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How do mosquitoes detect DEET? Research from the US indicates it’s not only by smell, but through contact as well. 


DEET is generally considered the gold standard in terms of personal insect repellent. Previous research and hypothesis has suggested that the ‘bitter’ taste of DEET repels mosquitoes and stops them biting. However, new research from Rockefeller University in the US suggests that this may not be the whole story.

Researchers carried out a series of experiments which demonstrated that DEET acts through three distinct mechanisms: smell, ingestion and contact.

It’s well established that mosquitoes will not approach DEET-treated skin, demonstrating the strong olfactory element in DEET repellency. In order to evaluate the potential impact of other senses in DEET repellency, the researchers used orco mosquito mutants, which had lost their olfactory sense and therefore were not repelled by the smell of DEET.

To evaluate taste and ingestion, researchers added DEET and other ‘bitter’ chemicals to sugar water. The mosquitoes had a clear preference for sugar water without DEET or other bitter compounds.

By providing mosquitoes with a blood source underneath an artificial membrane, the role of contact could be evaluated. Blood containing DEET or bittering agents was not ingested by female mosquitoes. However, when the bittering agents were rubbed on the surface of the artificial membrane with normal blood on offer underneath, the mosquitoes landed and fed quite happily. However, when the membrane was treated with DEET, the mosquitoes would move away rapidly after landing or touching the treated skin. When the experiment was rigged to prevent the mosquitoes landing, they were able to feed.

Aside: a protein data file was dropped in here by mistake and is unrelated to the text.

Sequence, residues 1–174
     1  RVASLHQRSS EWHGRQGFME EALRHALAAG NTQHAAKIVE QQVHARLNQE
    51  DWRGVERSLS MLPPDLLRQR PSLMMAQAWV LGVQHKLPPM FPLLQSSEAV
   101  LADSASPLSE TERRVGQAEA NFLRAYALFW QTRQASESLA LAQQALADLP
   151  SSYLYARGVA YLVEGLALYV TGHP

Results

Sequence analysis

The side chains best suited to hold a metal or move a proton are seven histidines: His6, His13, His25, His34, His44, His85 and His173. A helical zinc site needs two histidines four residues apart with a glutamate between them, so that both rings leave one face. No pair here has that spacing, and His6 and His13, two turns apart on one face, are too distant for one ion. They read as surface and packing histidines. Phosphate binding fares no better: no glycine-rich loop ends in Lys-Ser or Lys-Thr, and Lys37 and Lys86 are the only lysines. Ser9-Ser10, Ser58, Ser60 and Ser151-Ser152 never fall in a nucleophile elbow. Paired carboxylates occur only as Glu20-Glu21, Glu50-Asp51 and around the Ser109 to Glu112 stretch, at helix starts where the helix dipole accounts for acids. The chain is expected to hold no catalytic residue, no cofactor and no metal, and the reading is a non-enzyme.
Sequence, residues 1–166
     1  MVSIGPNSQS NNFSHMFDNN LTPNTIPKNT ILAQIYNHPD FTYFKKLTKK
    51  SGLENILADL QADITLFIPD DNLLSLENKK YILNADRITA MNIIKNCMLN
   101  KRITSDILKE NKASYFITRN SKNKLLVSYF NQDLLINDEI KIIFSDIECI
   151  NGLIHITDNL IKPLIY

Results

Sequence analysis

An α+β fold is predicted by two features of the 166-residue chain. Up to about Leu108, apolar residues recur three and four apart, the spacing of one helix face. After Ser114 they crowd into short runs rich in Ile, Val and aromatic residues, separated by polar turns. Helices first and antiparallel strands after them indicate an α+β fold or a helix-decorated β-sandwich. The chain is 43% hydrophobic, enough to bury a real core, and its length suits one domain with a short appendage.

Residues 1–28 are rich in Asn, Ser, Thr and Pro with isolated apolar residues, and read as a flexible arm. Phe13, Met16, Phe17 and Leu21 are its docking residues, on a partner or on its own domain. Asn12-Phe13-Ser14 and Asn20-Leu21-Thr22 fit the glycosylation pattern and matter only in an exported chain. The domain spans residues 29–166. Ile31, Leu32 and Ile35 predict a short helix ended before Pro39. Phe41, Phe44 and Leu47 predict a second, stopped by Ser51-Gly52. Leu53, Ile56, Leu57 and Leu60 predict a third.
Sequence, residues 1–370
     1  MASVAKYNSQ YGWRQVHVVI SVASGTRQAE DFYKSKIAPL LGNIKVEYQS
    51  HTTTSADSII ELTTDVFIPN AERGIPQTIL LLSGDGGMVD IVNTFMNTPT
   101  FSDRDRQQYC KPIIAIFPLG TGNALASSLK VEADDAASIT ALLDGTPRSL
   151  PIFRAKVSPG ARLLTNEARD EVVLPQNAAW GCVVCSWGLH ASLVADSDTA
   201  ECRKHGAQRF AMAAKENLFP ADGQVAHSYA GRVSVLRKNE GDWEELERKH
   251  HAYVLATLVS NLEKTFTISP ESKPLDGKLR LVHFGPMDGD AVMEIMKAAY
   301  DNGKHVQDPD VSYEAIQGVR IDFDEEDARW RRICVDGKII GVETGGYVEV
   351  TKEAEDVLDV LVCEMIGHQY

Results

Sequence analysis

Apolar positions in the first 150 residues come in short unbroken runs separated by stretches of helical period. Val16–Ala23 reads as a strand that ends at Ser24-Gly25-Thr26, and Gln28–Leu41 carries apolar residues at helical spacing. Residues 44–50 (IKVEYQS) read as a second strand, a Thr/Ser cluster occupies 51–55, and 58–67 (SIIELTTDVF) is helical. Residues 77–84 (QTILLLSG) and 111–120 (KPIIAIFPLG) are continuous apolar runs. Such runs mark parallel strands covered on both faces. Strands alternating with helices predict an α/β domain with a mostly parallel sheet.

Mosquito legs, like their mouthparts, are covered in tiny hairs that can sense molecules. These experiments demonstrated that mosquitoes can detect DEET through their legs, illustrating the importance of achieving complete coverage of exposed skin to provide protection from biting mosquitoes.

More information on mosquitoes.


Further reading: Dennis, E.J et al (2019). Aedes aegypti Mosquitoes Use Their Legs to Sense DEET on Contact. Current Biology. 29: 9, P 1551-1556